For the past couple weeks, I’ve been thinking about mathematical model development. There are lots of great tools out there to help with such tasks, like Mathcad and Mathematica. But if you’re doing software development, once you’ve built and tested a model, what you really want is code. Your Mathcad files are great for documentation, testing, and development of your model, but they can’t be embedded in your Java or C++ application.
Additionally, it’s very easy to use functions from those pieces of software which can’t be easily replicated in your software. They have very optimized methods for root solving, matrix math, symbolic derivative calculations, and other such tasks that you can’t reproduce without years worth of effort. So, when you’re developing a model that’s going to be used in software, what’s the easiest way to do it?
Python, of course. Python code tends to be very legible and terse, while still being well suited for mathematical programming. In fact, the syntax and control structures even look pretty similar between Mathcad and Python:
Part of a root solver implemented in Python.
Part of a root solver implemented in Mathcad.
So, it seems natural to me to use Python to develop models. My code can easily be translated into other programming languages after the fact, and it tends to have a more proper programming structure if it’s not translated from Mathcad. Plus, translating a big chunk code from Mathcad can be a real pain in the ass to do manually – there’s just too much to miss, and it can be very time consuming to confirm it’s been done correctly.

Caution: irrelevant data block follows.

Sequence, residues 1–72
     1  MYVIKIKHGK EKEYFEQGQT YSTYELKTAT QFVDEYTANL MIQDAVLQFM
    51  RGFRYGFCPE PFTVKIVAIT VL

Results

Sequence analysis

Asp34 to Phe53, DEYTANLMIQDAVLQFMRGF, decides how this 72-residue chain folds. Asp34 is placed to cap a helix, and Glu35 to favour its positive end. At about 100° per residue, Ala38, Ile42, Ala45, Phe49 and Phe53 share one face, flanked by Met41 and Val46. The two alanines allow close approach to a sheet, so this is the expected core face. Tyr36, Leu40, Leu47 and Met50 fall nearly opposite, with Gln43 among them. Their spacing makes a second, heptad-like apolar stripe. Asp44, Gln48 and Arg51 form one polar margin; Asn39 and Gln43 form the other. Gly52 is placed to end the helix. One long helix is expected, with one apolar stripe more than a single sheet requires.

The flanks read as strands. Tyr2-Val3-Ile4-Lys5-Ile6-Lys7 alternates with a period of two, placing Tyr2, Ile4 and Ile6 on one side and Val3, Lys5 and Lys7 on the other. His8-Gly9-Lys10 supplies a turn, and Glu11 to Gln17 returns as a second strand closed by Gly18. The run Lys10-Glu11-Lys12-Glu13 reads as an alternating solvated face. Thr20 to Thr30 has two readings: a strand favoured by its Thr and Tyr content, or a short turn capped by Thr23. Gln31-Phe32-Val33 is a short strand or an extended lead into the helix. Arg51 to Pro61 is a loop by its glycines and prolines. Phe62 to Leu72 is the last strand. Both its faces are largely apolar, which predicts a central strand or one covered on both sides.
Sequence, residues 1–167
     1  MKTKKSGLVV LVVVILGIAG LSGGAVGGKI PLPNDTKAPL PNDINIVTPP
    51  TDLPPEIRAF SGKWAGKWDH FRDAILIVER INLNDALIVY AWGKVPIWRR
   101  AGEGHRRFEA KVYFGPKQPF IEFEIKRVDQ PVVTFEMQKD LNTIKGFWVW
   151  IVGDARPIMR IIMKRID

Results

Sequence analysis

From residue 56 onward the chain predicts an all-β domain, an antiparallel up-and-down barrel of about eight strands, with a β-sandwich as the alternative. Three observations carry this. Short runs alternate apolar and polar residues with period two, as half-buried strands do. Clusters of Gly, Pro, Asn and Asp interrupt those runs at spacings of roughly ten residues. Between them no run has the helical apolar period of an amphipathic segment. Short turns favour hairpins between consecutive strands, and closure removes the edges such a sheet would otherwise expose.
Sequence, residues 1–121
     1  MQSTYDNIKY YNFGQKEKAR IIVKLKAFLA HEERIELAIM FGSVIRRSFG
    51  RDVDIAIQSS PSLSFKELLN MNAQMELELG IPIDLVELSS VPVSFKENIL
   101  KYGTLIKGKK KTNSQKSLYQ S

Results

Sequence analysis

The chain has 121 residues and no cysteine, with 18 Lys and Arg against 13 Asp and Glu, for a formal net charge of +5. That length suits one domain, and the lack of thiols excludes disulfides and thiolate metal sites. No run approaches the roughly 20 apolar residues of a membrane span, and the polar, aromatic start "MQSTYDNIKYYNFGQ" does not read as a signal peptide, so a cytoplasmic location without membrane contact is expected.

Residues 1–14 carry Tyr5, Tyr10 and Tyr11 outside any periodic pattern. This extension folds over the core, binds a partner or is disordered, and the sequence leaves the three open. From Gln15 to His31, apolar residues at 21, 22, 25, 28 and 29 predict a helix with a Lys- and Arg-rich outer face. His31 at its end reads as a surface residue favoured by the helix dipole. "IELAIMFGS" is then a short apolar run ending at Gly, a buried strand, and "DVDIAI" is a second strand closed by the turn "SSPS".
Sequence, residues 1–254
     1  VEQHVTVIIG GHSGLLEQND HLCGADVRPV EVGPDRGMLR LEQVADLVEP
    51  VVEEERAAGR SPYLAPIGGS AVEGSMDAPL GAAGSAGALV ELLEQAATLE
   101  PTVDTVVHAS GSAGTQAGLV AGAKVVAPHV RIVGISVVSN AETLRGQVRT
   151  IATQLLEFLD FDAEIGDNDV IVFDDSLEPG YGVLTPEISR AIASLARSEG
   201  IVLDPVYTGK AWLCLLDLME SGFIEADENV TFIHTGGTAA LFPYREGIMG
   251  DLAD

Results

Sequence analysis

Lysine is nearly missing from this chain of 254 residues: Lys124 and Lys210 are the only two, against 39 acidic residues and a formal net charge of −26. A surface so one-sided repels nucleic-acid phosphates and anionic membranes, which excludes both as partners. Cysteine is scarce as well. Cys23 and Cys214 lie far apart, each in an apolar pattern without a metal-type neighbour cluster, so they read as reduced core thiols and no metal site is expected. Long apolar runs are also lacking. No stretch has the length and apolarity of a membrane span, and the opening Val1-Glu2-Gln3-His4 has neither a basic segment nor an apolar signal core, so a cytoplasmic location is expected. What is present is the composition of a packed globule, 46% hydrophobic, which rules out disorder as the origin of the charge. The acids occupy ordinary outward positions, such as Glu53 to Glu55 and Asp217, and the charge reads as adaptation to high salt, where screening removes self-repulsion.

Python is not quite a silver bullet in this case, though. Mathcad has a lot of tools for visualization which are very useful when developing a new model. Python’s wonderful abillity to interoperate makes it fairly easy to leverage plotting capabilities of an application like Microsoft Excel though. So, without any further leadup, here’s a quick process which will get you up and running with an Excel plotting Python program:
Get and install Python, and the PythonWin extensions (or install ActivePython, which contains all the necessary tools and more).
Run the PythonWin IDE program, and generate static COM wrappers for Microsoft Excel. This is as easy as selecting the COM Makepy Utility option from the Tools menu of PythonWin, then selecting the most recent version of the Microsoft Excel n.m Object Library available:
Selecting COM Makepy utility from PythonWin’s menu.
The static COM wrappers must be used in order to access the Excel constants (of which there are hundreds).
Import the COM Dispatch function and the constants namespace into your application:
from win32com.client import Dispatch, constants